This presentation offers comprehensive instruction for successful freestyle swimming from one of the country's most successful freestyle coaches; Jack Bauerle.

62 minutes. 2012.

Start to Finish Backstroke

with Ray Looze,
Indiana University Head Women's Swim Coach; 5x Big 10 Champs

Ray Looze is one of the most prolific backstroke coaches in the country. His highly successful approach to teaching and coaching the stroke can be characterized as "keeping it simple." In this presentation, Looze is joined by two of his elite backstrokers, both NCAA All Americans and members of the World University Games U.S. Team.

At the center of Looze's backstroke technique are four primary sequential drills he uses to teach the technical components of the stroke. For each drill, Looze details the purpose of the drill, and the technical components that each drill compliments. Looze interviews his swimmers about each aspect of backstroke, interspersing their commentary with demonstrations in the pool. This swimmer initiated feedback is invaluable for both swimmers and coaches.

Also of great benefit are the tips that Looze offers throughout the drill instruction on how he varies his backstroke techniques for the sprint events versus the longer backstroke events. The variety of camera angles, both above and below water, and the repetition of the demonstrations at full speed and slow motion, paint a clear picture for the viewer. .

Learn to effectively kickout for successful backstroke walls. Looze details how to test and execute proper amplitude and frequency, and specifics on how when to begin the kick after the push off to carry maximum speed from the wall into the kickout. You'll also see techniques for body position and the importance of incorporating the core to drive undulation.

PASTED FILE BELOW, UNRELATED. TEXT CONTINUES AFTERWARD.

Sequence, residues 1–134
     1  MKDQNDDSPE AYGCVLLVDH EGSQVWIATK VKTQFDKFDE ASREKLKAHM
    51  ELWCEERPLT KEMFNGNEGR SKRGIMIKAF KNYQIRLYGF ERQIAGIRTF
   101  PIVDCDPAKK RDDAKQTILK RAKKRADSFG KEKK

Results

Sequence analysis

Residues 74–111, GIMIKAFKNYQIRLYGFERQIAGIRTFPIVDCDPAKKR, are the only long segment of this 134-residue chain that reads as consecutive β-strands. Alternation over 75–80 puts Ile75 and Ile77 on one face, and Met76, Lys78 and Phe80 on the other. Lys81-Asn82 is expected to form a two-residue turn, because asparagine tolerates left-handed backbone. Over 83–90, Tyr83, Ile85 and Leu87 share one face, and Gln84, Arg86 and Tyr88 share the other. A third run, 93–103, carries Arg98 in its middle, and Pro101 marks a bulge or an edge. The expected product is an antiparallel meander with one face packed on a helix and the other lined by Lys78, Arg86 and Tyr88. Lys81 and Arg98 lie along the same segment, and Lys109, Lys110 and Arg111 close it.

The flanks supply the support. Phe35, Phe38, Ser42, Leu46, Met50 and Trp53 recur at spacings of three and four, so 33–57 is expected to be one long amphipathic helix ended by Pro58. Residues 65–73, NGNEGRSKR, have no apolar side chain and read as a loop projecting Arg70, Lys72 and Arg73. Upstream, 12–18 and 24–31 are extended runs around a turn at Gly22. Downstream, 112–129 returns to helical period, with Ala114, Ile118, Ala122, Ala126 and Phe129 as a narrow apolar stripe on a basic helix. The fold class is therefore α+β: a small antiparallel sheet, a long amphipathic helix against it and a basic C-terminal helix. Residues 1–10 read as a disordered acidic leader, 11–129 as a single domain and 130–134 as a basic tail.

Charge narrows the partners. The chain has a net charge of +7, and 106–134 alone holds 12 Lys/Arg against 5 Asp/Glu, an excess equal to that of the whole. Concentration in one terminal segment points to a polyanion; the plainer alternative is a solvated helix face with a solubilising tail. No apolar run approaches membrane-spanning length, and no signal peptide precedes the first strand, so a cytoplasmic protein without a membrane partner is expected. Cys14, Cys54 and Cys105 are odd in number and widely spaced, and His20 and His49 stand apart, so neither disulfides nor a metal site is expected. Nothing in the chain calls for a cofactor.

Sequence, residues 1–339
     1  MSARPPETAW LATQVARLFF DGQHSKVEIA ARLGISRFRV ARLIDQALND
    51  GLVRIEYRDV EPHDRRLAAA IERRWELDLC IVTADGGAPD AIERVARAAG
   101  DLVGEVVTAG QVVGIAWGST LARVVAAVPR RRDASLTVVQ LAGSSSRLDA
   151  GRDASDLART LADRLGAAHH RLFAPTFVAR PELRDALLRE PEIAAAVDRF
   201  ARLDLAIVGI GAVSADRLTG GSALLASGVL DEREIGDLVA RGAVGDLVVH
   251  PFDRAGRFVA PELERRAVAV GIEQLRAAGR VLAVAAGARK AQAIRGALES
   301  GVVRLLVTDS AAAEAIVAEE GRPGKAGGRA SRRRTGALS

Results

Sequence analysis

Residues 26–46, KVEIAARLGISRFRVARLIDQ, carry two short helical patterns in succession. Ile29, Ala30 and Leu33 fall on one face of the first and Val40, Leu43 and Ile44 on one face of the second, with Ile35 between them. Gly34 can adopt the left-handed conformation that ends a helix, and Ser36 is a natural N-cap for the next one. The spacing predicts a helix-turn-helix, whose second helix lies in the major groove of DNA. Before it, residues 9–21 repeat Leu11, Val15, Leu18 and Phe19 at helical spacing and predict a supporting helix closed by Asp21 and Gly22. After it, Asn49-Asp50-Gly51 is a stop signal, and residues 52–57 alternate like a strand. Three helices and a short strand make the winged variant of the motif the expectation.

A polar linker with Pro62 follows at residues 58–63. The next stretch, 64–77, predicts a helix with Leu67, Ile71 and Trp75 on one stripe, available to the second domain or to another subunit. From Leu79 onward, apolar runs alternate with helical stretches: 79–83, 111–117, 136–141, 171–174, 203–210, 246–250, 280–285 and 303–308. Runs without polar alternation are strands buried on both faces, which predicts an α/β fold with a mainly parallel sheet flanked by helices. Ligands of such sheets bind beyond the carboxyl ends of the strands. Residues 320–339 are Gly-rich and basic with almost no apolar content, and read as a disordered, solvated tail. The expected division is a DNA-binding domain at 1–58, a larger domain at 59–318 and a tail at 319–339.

Full stroke demonstrations connect the kickout to the stroke and include narrations of what a coach should watch for to avoid common errors that occur in the stroke.

Looze next moves to the backstroke start. He shares variables to consider in individualizing the start to be most beneficial to the swimmer.

In the backstroke turn segment, Looze's focus is on how to transition from the back to the belly quickly and the importance of making the last stroke into the wall a freestyle stroke. The breakout from the turn is also detailed with a focus on making the first two strokes very fast in an effort to get the body back on the surface of the water.

In the final segment of the presentation, Looze demonstrates six training aids he incorporates to enhance technique training. Learn to use bands, paddles, a pulley system, tarps, therabands and even tennis shoes to build power for great distance per stroke and endurance.